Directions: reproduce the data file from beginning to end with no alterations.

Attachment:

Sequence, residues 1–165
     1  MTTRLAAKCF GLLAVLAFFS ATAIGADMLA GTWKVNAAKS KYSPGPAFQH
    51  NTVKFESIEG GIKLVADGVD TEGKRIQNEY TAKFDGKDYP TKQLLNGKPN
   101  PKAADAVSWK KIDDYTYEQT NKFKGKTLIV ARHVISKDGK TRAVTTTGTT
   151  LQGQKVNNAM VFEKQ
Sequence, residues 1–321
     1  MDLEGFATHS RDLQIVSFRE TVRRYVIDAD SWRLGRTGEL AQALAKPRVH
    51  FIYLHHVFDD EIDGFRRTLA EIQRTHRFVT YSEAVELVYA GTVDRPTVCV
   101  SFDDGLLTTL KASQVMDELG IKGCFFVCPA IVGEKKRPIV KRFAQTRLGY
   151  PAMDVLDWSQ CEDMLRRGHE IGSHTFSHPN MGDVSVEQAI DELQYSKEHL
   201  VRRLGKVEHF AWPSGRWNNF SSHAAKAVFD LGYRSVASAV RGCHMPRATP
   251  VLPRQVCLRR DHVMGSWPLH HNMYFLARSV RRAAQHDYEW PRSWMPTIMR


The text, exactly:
Sequence, residues 1–165
     1  MTTRLAAKCF GLLAVLAFFS ATAIGADMLA GTWKVNAAKS KYSPGPAFQH
    51  NTVKFESIEG GIKLVADGVD TEGKRIQNEY TAKFDGKDYP TKQLLNGKPN
   101  PKAADAVSWK KIDDYTYEQT NKFKGKTLIV ARHVISKDGK TRAVTTTGTT
   151  LQGQKVNNAM VFEKQ
Sequence, residues 1–321
     1  MDLEGFATHS RDLQIVSFRE TVRRYVIDAD SWRLGRTGEL AQALAKPRVH
    51  FIYLHHVFDD EIDGFRRTLA EIQRTHRFVT YSEAVELVYA GTVDRPTVCV
   101  SFDDGLLTTL KASQVMDELG IKGCFFVCPA IVGEKKRPIV KRFAQTRLGY
   151  PAMDVLDWSQ CEDMLRRGHE IGSHTFSHPN MGDVSVEQAI DELQYSKEHL
   201  VRRLGKVEHF AWPSGRWNNF SSHAAKAVFD LGYRSVASAV RGCHMPRATP
   251  VLPRQVCLRR DHVMGSWPLH HNMYFLARSV RRAAQHDYEW PRSWMPTIMR